mapleleaf viburnum Caprifoliaceae Viburnum acerifolium L. Listen to the Latin play symbol: VIAC Other Fact Sheets
Leaf: Opposite, simple, suborbicular in shape, 3 to 4 inches long, 3-lobed, coarsely dentate, palmately veined with veins sunken on upper surface giving the leaf a slightly wrinkled look, pubescent below and on the petiole, green above and paler below.
Flower: Species is monoecious; very small, white, appearing in flat topped clusters 1 1/2 to 3 inches across appearing in early summer.
Fruit: Drupes, 1/4 inch in diameter, rounded, red turning purple to black when ripe, occur in flat topped clusters; maturing in fall.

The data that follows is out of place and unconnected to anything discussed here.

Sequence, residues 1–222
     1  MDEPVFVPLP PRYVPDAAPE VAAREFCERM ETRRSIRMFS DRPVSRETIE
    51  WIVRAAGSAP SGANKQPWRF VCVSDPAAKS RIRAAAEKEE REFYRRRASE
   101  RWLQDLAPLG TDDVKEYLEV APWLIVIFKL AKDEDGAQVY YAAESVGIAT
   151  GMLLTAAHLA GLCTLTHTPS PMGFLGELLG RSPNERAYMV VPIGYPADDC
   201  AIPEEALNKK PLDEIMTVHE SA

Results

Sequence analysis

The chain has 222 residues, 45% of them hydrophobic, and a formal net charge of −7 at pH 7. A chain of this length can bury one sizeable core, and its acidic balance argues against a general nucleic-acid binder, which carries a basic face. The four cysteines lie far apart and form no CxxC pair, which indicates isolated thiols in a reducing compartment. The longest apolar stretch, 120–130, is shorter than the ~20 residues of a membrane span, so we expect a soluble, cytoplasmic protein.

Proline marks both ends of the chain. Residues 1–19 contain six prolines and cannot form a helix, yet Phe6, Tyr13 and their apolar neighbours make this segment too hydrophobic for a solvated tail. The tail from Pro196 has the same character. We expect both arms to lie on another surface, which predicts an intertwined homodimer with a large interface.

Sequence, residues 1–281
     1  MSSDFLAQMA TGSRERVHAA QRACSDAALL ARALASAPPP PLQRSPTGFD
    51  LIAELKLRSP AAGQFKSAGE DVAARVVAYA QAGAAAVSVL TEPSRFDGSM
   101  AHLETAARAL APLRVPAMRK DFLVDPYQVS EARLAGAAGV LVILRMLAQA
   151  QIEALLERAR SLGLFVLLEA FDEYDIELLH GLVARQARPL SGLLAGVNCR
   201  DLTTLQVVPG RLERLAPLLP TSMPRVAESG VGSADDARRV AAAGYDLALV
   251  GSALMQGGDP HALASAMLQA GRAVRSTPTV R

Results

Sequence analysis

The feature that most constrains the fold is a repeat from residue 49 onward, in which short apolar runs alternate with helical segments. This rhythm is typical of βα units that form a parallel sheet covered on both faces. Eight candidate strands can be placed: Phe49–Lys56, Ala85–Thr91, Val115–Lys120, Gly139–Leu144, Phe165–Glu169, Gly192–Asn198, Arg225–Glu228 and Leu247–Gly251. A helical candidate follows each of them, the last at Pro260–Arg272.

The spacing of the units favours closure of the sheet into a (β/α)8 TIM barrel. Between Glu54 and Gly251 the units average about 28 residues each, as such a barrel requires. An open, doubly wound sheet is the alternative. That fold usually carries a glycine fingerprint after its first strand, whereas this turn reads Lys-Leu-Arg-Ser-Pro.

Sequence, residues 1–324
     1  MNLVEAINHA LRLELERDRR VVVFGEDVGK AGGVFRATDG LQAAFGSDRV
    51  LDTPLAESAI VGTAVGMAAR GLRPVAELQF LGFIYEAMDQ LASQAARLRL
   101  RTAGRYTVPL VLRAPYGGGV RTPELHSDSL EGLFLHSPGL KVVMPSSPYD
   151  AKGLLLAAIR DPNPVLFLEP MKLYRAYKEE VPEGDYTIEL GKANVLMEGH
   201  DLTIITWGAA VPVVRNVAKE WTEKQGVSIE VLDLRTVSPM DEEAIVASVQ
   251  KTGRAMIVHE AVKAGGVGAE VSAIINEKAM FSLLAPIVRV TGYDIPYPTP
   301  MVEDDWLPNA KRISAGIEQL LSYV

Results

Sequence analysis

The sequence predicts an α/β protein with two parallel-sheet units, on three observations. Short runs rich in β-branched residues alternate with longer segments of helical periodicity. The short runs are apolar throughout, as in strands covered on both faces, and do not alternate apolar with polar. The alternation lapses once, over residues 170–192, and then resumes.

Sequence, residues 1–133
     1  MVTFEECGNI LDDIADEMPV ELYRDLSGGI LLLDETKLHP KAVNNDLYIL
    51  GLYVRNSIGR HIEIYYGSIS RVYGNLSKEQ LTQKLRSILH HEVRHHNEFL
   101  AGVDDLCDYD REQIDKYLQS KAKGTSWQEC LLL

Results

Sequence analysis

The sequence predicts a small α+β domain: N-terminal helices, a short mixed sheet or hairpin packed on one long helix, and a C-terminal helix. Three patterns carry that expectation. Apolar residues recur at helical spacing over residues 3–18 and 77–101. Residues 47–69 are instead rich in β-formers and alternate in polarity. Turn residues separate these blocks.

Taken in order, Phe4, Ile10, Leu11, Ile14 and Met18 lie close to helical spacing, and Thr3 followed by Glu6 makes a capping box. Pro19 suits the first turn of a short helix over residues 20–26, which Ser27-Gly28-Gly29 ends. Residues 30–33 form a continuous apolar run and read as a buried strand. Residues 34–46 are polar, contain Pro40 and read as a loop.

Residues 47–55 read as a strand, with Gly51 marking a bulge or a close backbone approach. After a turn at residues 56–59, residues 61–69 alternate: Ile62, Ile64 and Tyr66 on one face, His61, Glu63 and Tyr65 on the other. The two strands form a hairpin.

Twig: Slender, velvety-gray; buds ovoid, stalked with 4 dark purple scales.
Bark: Smooth, grayish brown.
Form: An upright suckering shrub that often grows in dense clumps and reaches up to 5 feet tall.

Looks like: highbush-cranberry - arrowwood - Appalachian gooseberry - red maple
leaf flower fruit twig bark form1 map
Additional Range Information:
Viburnum acerifolium is native to North America.
Range may be expanded by planting.
See states reporting mapleleaf viburnum.
More: Fall Color
External Links:
USDAFS Additional Silvics
USDA Plants Database
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Photos and text by: John Seiler,
Edward Jensen, Alex Niemiera,
and John Peterson
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